If you have never heard of Tim Sköld, surely you have heard his work. From touring with ohGr to remix and production work for Front Line Assembly and 16Volt, to his stints in KMFDM, MDFMK and Marilyn Manson, to scoring the Resident Evil soundtracks, nearly every fan of industrial music has been exposed to his work in some way.
After 15 years since his self-titled debut, producer/songwriter/guitarist/bassist Tim Sköld returns with Anomie. Though his debut is still held in high regard, his sophomore release feels unfocused. Anomie is less of a cohesive album than a collection of songs he’s written since his first release. Sonically, the album is inconsistent with differing musical styles with no central theme in the writing.
It feels as if you can listen to each song and guess which era of collaboration it was written in. “Suck” the album’s first single is very reminiscent of KMFDM (during his tenure) as well as “Blackout” and the extremely heavy “Angel of Noise.” “And Then We Die” and “The Hunger” sounds like it could have been off of Marilyn Manson’s Eat Me Drink Me. “Tonight” is a much more upbeat song and it might actually be one of his best things he has written, to date. While “Polka Dot Dress” and “Deserve,” only available on the Deluxe Edition, felt like it could have been a b-side from the 2009 Skold Vs. KMFDM release.
This album starts off hard and heavy but unfortunately, the momentum slows down by the latter half. There were songs on here that should have definitely been left out. If “I Will Not Forget,” “A Dark Star,” and “Bullets Ricochet” which were released on iTunes with the “Suck” single EP as well as the bonus tracks from the Deluxe Edition would have been mixed in, it might have helped ‘Anomie’ for the sake of consistency.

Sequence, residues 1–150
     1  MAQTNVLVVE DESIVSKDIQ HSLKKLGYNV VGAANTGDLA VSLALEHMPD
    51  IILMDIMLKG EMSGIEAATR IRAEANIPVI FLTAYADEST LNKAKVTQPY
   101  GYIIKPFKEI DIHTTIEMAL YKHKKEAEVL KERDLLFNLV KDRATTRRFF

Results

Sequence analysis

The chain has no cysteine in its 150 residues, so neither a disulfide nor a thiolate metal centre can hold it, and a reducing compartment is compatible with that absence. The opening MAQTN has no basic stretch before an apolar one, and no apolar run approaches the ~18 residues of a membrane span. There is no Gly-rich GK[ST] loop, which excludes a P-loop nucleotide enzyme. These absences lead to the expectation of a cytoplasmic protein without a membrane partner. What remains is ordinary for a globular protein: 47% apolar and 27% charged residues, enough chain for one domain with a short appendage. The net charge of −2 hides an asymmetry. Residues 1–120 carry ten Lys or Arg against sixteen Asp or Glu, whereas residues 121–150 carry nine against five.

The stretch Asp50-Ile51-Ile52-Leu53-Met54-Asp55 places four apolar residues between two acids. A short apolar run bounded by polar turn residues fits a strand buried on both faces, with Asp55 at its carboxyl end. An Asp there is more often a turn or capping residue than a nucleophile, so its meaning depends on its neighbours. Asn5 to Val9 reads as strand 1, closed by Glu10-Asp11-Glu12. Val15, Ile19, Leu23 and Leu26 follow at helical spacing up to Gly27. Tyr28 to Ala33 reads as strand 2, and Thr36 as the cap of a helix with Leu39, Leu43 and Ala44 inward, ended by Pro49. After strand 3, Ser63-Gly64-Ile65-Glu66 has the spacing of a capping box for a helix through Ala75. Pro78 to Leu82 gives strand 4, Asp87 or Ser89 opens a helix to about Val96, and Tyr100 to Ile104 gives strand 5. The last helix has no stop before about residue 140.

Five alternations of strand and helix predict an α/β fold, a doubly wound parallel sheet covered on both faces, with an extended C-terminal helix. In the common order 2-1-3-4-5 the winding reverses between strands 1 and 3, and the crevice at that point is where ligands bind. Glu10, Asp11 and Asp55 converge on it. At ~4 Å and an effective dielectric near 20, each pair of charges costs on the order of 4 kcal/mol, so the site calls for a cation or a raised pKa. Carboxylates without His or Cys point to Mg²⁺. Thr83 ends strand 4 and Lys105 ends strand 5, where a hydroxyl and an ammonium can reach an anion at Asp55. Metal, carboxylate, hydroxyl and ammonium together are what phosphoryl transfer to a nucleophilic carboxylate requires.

Overall, Anomie is a decent release but lacks coherence. If you treat this as a collection of songs he has written over the years and less of an album, then you will have a much more enjoyable time listening to this. Is it better than his previous solo work? No. But the good songs here outweigh the weaker ones. Fans of any type aggressive electronic music will definitely enjoy this.
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When Henry‘s not busy working for the corporate machine, updating this page and speaking in third person, he’s busy shooting and editing pictures from concerts, designing logos for bands, setting up interviews and trying to develop a podcast